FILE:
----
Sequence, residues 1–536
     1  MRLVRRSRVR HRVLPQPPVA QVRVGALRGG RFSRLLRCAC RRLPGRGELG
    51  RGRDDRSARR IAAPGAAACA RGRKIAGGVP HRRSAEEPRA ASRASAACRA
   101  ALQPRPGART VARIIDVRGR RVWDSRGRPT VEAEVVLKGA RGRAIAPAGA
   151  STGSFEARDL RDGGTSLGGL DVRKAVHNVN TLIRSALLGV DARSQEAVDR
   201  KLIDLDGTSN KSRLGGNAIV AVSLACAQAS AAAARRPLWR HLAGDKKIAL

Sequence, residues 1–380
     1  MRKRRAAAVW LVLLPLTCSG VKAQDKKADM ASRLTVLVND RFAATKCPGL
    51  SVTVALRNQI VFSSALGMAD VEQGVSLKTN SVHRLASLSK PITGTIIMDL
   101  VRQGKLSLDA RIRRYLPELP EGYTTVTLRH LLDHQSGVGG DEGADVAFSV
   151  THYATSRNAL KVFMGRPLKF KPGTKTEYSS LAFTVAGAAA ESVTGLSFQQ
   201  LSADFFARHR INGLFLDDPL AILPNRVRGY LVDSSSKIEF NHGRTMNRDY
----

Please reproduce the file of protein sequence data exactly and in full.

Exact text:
Sequence, residues 1–536
     1  MRLVRRSRVR HRVLPQPPVA QVRVGALRGG RFSRLLRCAC RRLPGRGELG
    51  RGRDDRSARR IAAPGAAACA RGRKIAGGVP HRRSAEEPRA ASRASAACRA
   101  ALQPRPGART VARIIDVRGR RVWDSRGRPT VEAEVVLKGA RGRAIAPAGA
   151  STGSFEARDL RDGGTSLGGL DVRKAVHNVN TLIRSALLGV DARSQEAVDR
   201  KLIDLDGTSN KSRLGGNAIV AVSLACAQAS AAAARRPLWR HLAGDKKIAL

Sequence, residues 1–380
     1  MRKRRAAAVW LVLLPLTCSG VKAQDKKADM ASRLTVLVND RFAATKCPGL
    51  SVTVALRNQI VFSSALGMAD VEQGVSLKTN SVHRLASLSK PITGTIIMDL
   101  VRQGKLSLDA RIRRYLPELP EGYTTVTLRH LLDHQSGVGG DEGADVAFSV
   151  THYATSRNAL KVFMGRPLKF KPGTKTEYSS LAFTVAGAAA ESVTGLSFQQ
   201  LSADFFARHR INGLFLDDPL AILPNRVRGY LVDSSSKIEF NHGRTMNRDY